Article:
Dead Certain, Marcus Lloyd’s taut psychological thriller brings to a close the Devonshire’s season of Murder in the Park, and it runs until June 29.
Michael (Philip Stewart) is an out of work actor who thinks his luck’s turned when he gets what seems to be an easy gig; to act out a new play by a first time writer in the privacy of her own home. But he soon gets more than he bargained for in Talking Scarlet’s intimate two-hander.
The evening begins straightforwardly enough with Michael visiting Elizabeth (Sabina Franklyn) who’s confined to a mobility scooter. How she became disabled we’re not yet told. Pandering to his actor’s ego, she hands him the script to run through, and while he thinks some of her requests odd he comforts himself with the thought of the £400 he’s getting for the night’s work. But soon the script seems to mirror real life in very unsettling ways and Michael begins to wonder what Elizabeth’s game is.
Early on we get an inkling that they may have met before – he was in the chorus of a West End show: she was a ballet dancer in Covent Garden. Did they meet then? Michael certainly can’t remember but the clues are laid out for both him and us. Elizabeth seems able to speak only in riddles, pleasant ones at first, but turning nastier as the piece develops.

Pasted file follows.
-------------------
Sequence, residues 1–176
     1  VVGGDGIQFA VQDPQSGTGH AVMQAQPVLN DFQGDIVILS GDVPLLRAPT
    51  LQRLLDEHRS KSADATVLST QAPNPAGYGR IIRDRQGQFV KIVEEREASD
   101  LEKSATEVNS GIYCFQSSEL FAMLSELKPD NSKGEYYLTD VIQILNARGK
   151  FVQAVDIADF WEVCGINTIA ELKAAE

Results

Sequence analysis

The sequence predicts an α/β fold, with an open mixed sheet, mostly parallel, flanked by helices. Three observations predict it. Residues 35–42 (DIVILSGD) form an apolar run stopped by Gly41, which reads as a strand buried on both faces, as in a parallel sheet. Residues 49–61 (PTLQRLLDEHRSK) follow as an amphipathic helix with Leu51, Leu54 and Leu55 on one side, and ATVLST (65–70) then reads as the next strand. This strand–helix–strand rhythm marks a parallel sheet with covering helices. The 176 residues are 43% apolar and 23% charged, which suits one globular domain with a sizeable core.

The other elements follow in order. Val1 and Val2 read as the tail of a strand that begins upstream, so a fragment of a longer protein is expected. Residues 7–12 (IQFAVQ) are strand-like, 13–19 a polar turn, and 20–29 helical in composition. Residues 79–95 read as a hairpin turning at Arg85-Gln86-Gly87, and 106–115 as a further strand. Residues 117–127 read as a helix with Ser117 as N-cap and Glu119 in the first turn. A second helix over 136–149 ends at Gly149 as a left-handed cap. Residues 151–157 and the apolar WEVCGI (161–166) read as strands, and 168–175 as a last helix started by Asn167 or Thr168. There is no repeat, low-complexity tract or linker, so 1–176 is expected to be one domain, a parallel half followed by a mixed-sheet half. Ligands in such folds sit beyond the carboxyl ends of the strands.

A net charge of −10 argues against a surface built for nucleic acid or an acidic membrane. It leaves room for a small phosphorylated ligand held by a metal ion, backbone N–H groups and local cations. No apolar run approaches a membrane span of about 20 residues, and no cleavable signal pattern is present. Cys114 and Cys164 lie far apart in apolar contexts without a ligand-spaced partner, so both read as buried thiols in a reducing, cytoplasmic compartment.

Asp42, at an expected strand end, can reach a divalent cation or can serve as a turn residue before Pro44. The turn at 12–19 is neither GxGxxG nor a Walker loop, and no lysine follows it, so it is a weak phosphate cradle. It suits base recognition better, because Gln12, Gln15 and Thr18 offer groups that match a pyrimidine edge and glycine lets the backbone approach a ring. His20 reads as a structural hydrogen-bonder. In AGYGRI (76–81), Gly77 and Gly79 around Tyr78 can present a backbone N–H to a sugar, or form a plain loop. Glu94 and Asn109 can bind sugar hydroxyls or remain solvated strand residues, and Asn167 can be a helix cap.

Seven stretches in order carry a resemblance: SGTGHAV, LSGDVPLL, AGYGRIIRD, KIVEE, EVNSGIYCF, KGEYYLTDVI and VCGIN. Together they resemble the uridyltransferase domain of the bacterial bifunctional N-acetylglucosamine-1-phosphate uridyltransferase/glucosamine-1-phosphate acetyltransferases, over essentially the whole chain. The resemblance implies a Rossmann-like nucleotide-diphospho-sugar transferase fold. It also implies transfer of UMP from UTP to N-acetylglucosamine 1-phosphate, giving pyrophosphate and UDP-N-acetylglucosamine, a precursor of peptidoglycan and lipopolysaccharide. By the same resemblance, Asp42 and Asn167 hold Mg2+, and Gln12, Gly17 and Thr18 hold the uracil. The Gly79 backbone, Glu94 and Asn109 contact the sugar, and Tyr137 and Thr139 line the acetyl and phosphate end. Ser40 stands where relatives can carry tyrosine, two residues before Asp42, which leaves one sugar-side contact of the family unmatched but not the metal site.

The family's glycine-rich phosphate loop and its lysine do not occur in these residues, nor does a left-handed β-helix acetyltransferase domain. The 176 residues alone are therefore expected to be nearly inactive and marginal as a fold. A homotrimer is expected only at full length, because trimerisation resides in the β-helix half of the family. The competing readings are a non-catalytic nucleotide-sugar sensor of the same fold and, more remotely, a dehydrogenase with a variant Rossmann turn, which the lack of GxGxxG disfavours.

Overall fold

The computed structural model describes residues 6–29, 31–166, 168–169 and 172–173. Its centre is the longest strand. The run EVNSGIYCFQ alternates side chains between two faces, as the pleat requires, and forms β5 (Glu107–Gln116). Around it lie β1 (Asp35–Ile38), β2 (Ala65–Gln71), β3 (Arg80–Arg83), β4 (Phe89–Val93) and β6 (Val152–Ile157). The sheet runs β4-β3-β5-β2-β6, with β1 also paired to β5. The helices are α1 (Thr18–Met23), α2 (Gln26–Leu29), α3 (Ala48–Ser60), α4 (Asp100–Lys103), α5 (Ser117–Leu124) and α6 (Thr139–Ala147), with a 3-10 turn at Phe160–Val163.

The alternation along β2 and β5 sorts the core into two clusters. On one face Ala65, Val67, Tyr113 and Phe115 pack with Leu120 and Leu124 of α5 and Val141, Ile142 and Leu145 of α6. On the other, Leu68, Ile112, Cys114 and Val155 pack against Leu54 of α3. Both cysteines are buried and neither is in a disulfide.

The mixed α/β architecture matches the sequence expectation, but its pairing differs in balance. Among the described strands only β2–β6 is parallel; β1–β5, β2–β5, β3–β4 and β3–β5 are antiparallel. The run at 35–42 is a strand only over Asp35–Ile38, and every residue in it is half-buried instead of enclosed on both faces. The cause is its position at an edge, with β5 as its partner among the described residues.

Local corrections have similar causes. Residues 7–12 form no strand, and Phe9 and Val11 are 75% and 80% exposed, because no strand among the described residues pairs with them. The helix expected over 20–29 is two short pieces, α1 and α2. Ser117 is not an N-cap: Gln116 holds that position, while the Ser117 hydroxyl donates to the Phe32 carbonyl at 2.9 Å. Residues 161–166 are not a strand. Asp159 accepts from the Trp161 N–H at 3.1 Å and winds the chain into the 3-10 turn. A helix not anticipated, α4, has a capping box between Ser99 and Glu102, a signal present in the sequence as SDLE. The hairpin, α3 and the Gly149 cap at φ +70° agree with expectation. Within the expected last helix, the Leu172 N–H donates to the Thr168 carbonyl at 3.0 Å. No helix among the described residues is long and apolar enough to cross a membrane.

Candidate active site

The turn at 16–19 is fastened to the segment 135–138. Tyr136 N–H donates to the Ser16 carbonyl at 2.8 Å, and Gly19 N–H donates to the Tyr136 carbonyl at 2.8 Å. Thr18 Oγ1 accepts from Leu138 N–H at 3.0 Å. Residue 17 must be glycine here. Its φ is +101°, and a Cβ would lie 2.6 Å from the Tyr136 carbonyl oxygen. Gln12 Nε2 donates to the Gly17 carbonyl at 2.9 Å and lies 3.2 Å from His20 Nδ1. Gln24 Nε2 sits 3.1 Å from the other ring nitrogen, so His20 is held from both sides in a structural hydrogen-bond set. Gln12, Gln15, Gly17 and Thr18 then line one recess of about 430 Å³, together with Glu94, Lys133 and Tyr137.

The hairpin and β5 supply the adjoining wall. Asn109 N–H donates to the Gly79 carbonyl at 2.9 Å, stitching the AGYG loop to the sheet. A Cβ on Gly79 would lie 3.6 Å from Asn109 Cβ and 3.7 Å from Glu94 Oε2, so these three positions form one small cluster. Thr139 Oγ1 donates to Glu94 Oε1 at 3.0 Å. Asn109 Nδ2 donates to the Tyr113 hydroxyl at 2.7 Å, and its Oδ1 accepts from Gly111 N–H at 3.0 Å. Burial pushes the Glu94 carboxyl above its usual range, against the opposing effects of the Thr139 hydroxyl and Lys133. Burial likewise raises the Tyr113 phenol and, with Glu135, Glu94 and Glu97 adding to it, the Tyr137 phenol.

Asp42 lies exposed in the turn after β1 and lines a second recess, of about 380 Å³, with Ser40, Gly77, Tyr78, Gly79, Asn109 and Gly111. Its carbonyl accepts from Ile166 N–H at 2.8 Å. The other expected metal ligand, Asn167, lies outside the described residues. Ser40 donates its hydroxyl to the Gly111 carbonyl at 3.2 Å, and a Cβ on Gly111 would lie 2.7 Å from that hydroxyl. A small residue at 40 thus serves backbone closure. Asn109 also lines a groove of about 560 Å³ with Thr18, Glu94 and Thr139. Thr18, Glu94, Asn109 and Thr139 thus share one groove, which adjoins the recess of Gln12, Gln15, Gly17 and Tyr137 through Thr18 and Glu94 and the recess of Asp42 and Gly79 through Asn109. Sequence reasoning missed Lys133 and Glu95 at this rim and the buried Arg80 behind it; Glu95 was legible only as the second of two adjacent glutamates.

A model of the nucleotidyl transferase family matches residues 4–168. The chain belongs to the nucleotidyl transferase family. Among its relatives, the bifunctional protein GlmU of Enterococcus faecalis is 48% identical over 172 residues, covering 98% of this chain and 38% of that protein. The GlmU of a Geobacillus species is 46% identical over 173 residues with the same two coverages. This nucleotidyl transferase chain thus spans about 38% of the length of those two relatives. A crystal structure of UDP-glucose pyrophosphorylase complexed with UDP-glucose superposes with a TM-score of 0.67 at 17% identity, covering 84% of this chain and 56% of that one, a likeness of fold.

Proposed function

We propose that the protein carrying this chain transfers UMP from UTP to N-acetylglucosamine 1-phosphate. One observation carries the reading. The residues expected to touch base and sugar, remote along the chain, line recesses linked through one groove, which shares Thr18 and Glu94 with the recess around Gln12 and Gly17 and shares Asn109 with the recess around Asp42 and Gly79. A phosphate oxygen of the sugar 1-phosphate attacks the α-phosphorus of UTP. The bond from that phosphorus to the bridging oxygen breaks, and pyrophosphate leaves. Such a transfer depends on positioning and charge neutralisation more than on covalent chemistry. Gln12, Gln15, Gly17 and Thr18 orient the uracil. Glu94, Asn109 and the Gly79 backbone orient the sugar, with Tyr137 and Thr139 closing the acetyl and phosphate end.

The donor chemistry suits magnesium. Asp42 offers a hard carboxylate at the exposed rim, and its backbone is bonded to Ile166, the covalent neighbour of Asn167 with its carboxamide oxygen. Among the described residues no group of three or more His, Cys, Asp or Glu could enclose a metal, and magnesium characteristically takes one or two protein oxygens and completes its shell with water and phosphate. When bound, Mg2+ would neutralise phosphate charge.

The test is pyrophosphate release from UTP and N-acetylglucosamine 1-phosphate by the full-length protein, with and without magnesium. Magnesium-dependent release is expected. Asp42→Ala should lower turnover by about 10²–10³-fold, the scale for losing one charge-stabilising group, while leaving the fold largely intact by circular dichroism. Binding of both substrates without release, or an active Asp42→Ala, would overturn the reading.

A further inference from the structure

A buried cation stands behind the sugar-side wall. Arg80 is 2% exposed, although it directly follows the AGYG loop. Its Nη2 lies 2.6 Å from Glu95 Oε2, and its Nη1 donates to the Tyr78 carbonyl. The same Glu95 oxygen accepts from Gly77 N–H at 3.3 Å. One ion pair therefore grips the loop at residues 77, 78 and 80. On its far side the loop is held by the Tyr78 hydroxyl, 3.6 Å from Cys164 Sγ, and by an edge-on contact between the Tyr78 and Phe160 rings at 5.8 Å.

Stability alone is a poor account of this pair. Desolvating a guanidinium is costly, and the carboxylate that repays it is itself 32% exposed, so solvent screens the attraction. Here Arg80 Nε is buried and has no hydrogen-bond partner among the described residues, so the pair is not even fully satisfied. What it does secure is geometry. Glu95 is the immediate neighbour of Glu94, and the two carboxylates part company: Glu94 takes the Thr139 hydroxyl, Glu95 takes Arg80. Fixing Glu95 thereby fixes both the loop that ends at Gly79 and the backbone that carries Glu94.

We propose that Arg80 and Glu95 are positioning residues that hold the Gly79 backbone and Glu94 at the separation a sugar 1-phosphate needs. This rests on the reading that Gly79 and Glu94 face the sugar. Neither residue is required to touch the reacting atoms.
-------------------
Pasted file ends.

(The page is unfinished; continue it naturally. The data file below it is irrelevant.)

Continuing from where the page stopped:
Guns are brandished early on in the context of the play within the play, making it obvious that they’re going to be used again as Michael continues to become more unsettled and manipulated by his evening’s employer who messes with his mind to the extent that he can’t even work out whether he may have been hypnotized or drugged.
Elizabeth, at last revealing that she used to be a Stage Door Johnny, blurts “I hate the word fan. Fanatic. It makes me sound like a lunatic.” Then, not doing much to allay Michael’s fears, continues creepily, “I prefer the word obsessed.”
We’re in Misery territory here and after a slow start, the tension is ratcheted up nicely in the latter part of the first half, leaving us on a nicely-judged bombshell just before the interval.
The second half gallops along, but loses its way a little with the pacing, acting and script not quite keeping up with the nicely set-up first half. After all the psychological drama I fully expected an ‘I see dead people’-sized twist but none was forthcoming and it all fell slightly flat.
Whether fate exists is the ultimate driver of Dead Certain. “Every accident has a cause which can be traced back,” says Elizabeth, and she’s an unforgiving soul when it comes to kismet. Whether her judgement of Michael is ultimately a moral rather than a fatalistic one is up to the audience to judge, as is whether the ending of this piece works or if it’s just too ambiguous. I’m afraid, after all the careful build up, I ultimately felt a little deflated as the lights came up.
Event: Dead Certain performed by Talking Scarlet
Where: Devonshire Park Theatre, Compton Street, Eastbourne
When: Until 29 June ( Sat mat 2.30pm, eve 7.45pm)
Price: Tickets £9-£19
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